Translation:I live in Tokyo.
Ikr!!! I really wish they had a button to toggle on as much kanji as possible
Why no は after に in this one? Translating similar sentences the other way around would fail me if I didn't include the 'ha' after 'ni'.
It was used in the negated sentence as a contrast particle to the place you really live at.
As the statement in the other example sentence here is probably just a statement, where you live, which does not need to be contrasted, there is no は there.
From what I understand, には would be used in a negative sentence such as いいえ、とうきょうにはすんでいません。 I'm still new at this though so I'm sorry if that's not right
Aki-kun is right. According to Nihonshock¹, "in Japanese, topics (は) are often used to illustrate contrast". And it gives an example:
"Watashi wa chikoku shita : I was late. (used when some other relevant person was not late, or it is not known if they were late)"
So Aki-kun has an excellent example.
I've never seen WA used after NI in these circumstances. It doesn't seem necessary?
I think in this sentence you omit "わたしは" therefore you already have a は in the sentence and you can't have two.
は would be used to introduce the topic of tokyo, but in most situations if you are saying this sentence it doesn't seem especially necessary to do so.
Tokyo is not the subject of the sentence, though, and は is for subjects. It's not what is carrying out the action. Tokyo is not the "who?" or "what?" that lives. It's the object of place that received the action. It answers (I) live "where?". (I) is the subject.
は is for topics AND subjects; so is が. The only difference is that が is used for when just introducing something.
Ilyakamens is technically right, although が can be for object too. Check out this link: http://www.guidetojapanese.org/blog/2007/09/03/repeat-after-me-there-is-no-such-thing-as-the-subject/
Beyond what ilyakamens has already mentioned, I would like to add that "Tokyo" in this sentence is not an "object of place", it is an adverbial of place. It does not "receive the action" (if it did, there would be no "in" in the English sentence), it is merely the place where the action happens.
LordOfTheAndain, you are partially right. There's no object in this sentence. However, simply "Tokyo" is not an adverbial of place. According to the British Council, though, "in Tokyo" can be considered the adverbial of place¹. Note that there is a "ni" after "Tokyo" in Japanese.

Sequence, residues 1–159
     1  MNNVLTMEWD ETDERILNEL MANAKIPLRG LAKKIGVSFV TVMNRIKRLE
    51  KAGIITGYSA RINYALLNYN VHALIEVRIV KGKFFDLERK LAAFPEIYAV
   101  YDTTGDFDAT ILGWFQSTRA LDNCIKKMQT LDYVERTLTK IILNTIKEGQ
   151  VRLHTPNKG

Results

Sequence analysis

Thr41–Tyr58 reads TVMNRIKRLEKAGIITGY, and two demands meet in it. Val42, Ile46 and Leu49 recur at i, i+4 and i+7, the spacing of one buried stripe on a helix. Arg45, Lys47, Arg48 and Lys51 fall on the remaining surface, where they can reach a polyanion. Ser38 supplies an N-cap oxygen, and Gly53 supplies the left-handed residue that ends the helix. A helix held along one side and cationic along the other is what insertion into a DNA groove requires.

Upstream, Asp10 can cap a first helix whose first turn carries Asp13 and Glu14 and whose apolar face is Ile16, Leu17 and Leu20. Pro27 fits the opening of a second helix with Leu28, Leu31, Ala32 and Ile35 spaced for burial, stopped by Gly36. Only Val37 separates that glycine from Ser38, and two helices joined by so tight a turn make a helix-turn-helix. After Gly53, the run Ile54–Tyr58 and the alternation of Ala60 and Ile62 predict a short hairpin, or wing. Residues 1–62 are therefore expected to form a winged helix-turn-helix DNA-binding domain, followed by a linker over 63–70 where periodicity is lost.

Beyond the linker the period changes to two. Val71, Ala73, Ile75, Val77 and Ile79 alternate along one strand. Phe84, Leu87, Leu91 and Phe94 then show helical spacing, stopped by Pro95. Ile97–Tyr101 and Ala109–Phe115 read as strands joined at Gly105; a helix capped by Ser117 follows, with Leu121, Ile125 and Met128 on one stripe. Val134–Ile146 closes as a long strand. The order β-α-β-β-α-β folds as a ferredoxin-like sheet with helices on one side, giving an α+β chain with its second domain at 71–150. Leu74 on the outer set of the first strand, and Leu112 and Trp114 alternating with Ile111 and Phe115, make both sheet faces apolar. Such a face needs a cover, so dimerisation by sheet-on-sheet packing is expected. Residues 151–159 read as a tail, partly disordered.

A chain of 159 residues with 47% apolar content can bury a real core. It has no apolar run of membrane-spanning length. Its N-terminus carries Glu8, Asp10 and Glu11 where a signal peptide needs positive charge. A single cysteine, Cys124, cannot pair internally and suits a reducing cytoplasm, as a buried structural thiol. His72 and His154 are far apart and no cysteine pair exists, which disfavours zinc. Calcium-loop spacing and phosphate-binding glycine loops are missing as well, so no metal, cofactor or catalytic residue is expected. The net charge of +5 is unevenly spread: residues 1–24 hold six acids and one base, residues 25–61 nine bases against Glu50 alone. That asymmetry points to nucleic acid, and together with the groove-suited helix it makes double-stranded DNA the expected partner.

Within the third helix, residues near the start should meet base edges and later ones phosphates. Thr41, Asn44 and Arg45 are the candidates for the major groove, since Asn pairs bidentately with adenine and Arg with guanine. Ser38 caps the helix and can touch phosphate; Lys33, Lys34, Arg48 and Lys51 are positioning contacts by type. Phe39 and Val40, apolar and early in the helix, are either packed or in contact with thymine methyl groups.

As a beginner, it seems right to me (i.e., progressive tense), but I was marked wrong for it.
"I am living in Tokyo"- typo in your comment but they didn't accept that for me either.
In English it is correct, but it's more natural for native English speakers to say "I live in Tokyo" as "I am living" would indicate a silent "right now" after the sentence, as if to say "I am living in Tokyo right now, but may move out later" and that isn't the answer here.
"Wa" is sometimes used as a contrast in Japanese. Check out Aki-kun's and mine answers above.
It's 住んでいます (すんでいます) from 住む (すむ), ultimately. It is construction that equates to "... ing" in English; the sentence actually translates to "I am living in Tokyo", but a more natural English translation is "I live in Tokyo".
Tokyo in living I am (wastashi is understood). Polite masu form is sumimasu = to live.
Can I use MASU instead of DEYIMASU? How do we know when to use MASU and DEYIMASU?
Duolingo checks the exercise right no matter if i type "I live" or "you live". So which is actually right?
They are both correct, in this sentence the subject is omitted so you would say it this way if it was obvious to whom you are referring
住んで is the て form of the verb 住む. to make simple, the て form is used here with the verb いる (います is its formal conjugaison) to indicate a continuous or progressive sense (the progressive be -ing).
東京に (in Tokyo) 住んでいます (be living).
It's kind of impossible to explain it in a general sense, but an oversimplication would be to call it "participle". For example, this sentence could be translated as "I have lived in Tokyo" (meaning you still lives). But it has a wide-range usage. Check out: https://en.wikipedia.org/wiki/Japanese_verb_conjugation#te_form
Why does it sound like
Tokyo WA ni sundaimas?
There is no WA, but the audio sure sounds like they added on in - and it's in a weird location.
Because it doesn't get a separate syllable. If you write it " とうきよ" it becomes tou-ki-yo instead of tou-kyo
When it's smaller it means that the character makes a different sound. Usually き is 'ki' but combined with よ 'yo' it would be kyo (きょ). The yo being smaller makes it easier to identify this. きよ (kiyo), きょ (kyo).
@Colin, the smaller 'yo' indicates it forms a contraction with the previous syllable rather than a full syllable on its own. For example, it turns "ki+yo" into "kyo", or "ri+yo" into "ryo".
I learn that ”I am living in Tokyo”.(incorrect)
This sentence include a move possible
Why is "I live in..." marked with a に while "I don't live in..." is marked with a には？
the compound particle it's used to emphasize contrast in a sentence, In the case of "I don't live in..." It's kinda like emphasizing in correcting the mistake of the person assuming you are living there, if that makes sense.
From reading comments above, I guess the ha is kinda like a "not" in English, even though the -sen ending is the negative here. I'm not really sure though.